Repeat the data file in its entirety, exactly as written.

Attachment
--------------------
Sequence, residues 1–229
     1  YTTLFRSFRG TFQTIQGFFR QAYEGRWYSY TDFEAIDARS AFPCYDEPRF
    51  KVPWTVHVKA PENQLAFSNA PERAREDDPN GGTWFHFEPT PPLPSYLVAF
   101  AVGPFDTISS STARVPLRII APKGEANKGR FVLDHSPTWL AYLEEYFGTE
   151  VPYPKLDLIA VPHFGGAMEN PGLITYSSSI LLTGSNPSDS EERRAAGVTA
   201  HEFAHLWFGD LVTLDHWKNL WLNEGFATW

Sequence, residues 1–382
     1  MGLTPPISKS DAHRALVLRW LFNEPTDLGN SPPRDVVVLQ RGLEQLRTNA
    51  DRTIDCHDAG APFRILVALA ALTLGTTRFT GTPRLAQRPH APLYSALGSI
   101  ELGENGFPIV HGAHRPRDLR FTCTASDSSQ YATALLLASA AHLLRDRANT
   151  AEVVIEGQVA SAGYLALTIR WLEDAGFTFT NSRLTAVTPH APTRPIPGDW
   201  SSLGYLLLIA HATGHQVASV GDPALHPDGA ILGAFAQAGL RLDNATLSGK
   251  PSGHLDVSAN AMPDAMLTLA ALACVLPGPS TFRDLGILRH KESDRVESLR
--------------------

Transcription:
Sequence, residues 1–229
     1  YTTLFRSFRG TFQTIQGFFR QAYEGRWYSY TDFEAIDARS AFPCYDEPRF
    51  KVPWTVHVKA PENQLAFSNA PERAREDDPN GGTWFHFEPT PPLPSYLVAF
   101  AVGPFDTISS STARVPLRII APKGEANKGR FVLDHSPTWL AYLEEYFGTE
   151  VPYPKLDLIA VPHFGGAMEN PGLITYSSSI LLTGSNPSDS EERRAAGVTA
   201  HEFAHLWFGD LVTLDHWKNL WLNEGFATW

Sequence, residues 1–382
     1  MGLTPPISKS DAHRALVLRW LFNEPTDLGN SPPRDVVVLQ RGLEQLRTNA
    51  DRTIDCHDAG APFRILVALA ALTLGTTRFT GTPRLAQRPH APLYSALGSI
   101  ELGENGFPIV HGAHRPRDLR FTCTASDSSQ YATALLLASA AHLLRDRANT
   151  AEVVIEGQVA SAGYLALTIR WLEDAGFTFT NSRLTAVTPH APTRPIPGDW
   201  SSLGYLLLIA HATGHQVASV GDPALHPDGA ILGAFAQAGL RLDNATLSGK
   251  PSGHLDVSAN AMPDAMLTLA ALACVLPGPS TFRDLGILRH KESDRVESLR